I fear that the relationship between the Syrian regime and the protesters is now like broken glass that cannot possibly be put back together. Then I remember Shakespeare’s comic play ‘The Comedy of Errors’, as I find myself witnessing a tragedy of errors in Syria that no one has been spared of, since the confrontations broke out six months ago.
President Bashar al-Assad could have avoided everything that transpired later, if he had presented, in his speech at the People’s Assembly, a real program for reform and then started implementing it. Syria was truly in a different position that that of Tunisia and Egypt, as Assad himself said in an interview with an American publication a month before that. However, the actions of the Syrian government have created a worse situation than the one that was present in either Tunisia or Egypt.
While President Hosni Mubarak did not surprise me with any of his actions, since he is an old and sick man who is isolated from the outside world and thus living in a world of his own making, President Assad did indeed surprise me with every step he took along the way, because I, at each juncture, expected one decision from him only to find that he made a completely different one. If he had started by allowing political parties, parliamentary elections by a particular date and under international supervision, as well as a parliament that elects a government from amongst the winners, we would not have arrived to the present situation.
The President had the support of a clear majority of his people: all minorities are on his side, along with a majority of Sunnis. For this reason, we saw that the least amount of trouble, protests and confrontations has taken place in Damascus and Aleppo. However, the President lost in two months what he had built in ten years and there is no point in denying this. For one thing, I am not writing to gloat, but rather because I am sad and concerned for the future of Syria, its people and Lebanon, as well as the entire region if daily (and nightly) killings continue on the streets of Syrian cities, towns and villages.
I do not know why Dr. Bashar has chosen his uncle, cousin and ghosts from amongst the intelligence officers as his advisors, because he is smarter than all of these people (The ‘Shabiha’ [nickname for Syrian regime goons] have nothing to do whatsoever with the luxurious cars nicknamed ‘Shabah’ [Ar. Ghost], as the Arab media claimed. This is an Egyptian usage of the word, not Syrian. The ‘Shabiha’ is an old and known word synonymous to ‘braggart’, or someone trying to climb up the social ladder while pretending to have money, education or roots that he does not actually have).
If the Syrian President really needed an advisor, then no one would have been better than Mrs. Asma al-Assad, the woman from Homs. She is extremely intelligent, patriotic and is of and with the people. Besides, she knows about the people's causes and needs what all the Baath leaders combined do not know. God be with you Mrs. Asma…
I started with the regime, and with the president specifically, so that I can continue with the opposition. I can accuse the latter of treason, but treason is a big word, so I choose to accuse the opposition of stupidity, foolishness or sheer ignorance instead.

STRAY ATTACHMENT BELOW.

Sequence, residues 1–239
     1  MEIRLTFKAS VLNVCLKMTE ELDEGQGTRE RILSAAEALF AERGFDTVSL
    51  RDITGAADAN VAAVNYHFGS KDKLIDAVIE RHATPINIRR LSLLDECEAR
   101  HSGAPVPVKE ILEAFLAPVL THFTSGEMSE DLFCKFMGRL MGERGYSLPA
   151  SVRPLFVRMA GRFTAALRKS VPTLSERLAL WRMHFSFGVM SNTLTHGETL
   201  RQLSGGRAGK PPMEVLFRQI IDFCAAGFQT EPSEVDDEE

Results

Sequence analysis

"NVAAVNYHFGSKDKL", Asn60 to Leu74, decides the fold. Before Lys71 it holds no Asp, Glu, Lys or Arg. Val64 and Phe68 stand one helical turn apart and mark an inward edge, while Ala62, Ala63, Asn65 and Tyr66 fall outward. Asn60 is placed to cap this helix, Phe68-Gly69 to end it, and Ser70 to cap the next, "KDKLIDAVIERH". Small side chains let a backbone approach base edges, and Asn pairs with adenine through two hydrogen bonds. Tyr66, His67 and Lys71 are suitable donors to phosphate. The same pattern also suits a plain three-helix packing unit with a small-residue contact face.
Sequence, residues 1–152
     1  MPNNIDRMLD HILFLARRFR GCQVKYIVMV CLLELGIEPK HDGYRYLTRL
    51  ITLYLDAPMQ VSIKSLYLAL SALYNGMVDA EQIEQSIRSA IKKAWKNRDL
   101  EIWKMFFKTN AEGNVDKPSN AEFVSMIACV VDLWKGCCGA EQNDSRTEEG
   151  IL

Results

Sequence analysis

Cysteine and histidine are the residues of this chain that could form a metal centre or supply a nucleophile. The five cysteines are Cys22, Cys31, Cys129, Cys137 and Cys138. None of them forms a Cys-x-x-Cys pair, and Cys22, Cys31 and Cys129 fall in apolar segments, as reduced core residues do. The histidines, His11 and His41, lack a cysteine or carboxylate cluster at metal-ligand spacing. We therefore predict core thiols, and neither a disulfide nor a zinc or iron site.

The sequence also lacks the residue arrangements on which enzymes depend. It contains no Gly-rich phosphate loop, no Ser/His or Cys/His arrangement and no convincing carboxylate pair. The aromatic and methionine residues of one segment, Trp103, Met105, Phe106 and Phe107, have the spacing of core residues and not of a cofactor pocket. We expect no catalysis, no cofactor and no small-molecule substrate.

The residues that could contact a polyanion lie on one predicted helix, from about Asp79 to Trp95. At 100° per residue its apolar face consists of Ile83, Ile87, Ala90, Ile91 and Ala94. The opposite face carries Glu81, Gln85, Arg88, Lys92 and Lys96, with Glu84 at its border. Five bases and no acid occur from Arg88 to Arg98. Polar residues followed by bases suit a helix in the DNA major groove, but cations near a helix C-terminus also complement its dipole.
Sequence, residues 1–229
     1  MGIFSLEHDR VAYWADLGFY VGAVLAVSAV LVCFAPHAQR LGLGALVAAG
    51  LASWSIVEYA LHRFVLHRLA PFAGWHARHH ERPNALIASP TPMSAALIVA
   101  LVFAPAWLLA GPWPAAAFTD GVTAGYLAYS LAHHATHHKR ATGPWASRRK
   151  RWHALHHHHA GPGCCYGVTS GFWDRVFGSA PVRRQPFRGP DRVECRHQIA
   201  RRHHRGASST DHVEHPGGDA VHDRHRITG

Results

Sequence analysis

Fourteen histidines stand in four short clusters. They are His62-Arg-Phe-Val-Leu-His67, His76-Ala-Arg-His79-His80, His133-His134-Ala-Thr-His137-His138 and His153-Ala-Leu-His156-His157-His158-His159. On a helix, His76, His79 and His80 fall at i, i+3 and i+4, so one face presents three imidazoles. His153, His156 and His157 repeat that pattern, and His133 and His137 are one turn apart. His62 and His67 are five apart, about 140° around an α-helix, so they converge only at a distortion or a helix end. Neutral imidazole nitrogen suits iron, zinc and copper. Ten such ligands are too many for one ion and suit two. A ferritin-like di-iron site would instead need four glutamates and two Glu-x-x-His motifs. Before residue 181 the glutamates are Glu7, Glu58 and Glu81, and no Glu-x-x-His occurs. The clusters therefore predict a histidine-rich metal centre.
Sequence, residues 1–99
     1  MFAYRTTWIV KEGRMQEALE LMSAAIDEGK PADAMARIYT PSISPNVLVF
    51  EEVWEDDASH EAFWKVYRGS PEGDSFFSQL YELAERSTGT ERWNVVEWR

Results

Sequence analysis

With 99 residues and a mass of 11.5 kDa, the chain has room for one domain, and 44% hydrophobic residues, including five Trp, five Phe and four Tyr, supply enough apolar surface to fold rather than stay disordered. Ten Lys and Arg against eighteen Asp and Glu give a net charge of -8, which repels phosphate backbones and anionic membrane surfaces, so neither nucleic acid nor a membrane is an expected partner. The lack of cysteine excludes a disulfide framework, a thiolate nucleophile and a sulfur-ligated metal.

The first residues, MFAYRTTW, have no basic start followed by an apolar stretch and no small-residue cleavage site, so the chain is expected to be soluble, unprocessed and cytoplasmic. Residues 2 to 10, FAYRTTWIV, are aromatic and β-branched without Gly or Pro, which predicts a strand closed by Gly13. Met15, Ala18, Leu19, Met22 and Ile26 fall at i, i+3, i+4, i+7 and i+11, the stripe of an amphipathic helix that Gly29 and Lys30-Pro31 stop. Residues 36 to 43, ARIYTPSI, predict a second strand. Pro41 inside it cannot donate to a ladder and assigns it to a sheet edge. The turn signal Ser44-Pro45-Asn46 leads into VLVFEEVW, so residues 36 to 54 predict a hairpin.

How can any Syrian take to the streets to demand foreign intervention in his country? “The Friday of International Protection”? Has it ever happened that a foreign country has intervened in the affairs of another for the sake of its people? Is it possible that any country would interfere in the affairs of another for any other reason that its own interests, and not those of the country targeted by intervention?
Western countries intervened in Libya out of greed for its oil. These same countries had reconciled themselves with an insane terrorist ruler, placing their oil interests above the Libyan people’s right to live. When Muammar Gaddafi was ousted, their first demand was to keep in place the oil contracts these countries were given by Gaddafi, as a price for their silence towards his crimes against his people.
In Syria, there is no oil that is worth NATO’s intervention and lies that it is doing so to protect civilians, as it had done in Libya. However, Syria is the first and last Arab line of defense against Israel, and the price of any intervention would be a policy of surrender, subordination and dependence…in other words, the Syrian people would be shedding their own skin.
The Syrian opposition leadership does not represent those protesting day and night. It includes those who are patriotic yet ignorant to the point of calling for foreign intervention, and a minority of traitors, in Washington and elsewhere, who are trying to walk in the footsteps of the Iraqi traitors who destroyed their country by deliberately providing false premises for the U.S. occupation. By contrast, the protesters want more freedoms, dignity and work.
The measures of the Syrian government are wrong, and the stances of the so-called leaders of the citizens are even worse. We are witnessing nothing short of a tragedy of errors for which the poor Syrian people pay the price, as they are stuck between a rock and a hard place.
If I wanted mere safety, I would have written in support of the Syrian government pending the opposition to be crushed, or in support of the opposition pending the collapse of the regime. However, I am first and foremost with Syria. By virtue of my age, Syria is my country before being the country of three-quarters of the Syrians. Syria and Egypt have nothing in my heart except fondness, away from the tragedy of mutual errors between the ruler and the ruled.
The writer is a prominent columnist. The article was published in the London-based al-Hayat on Sept. 18, 2011.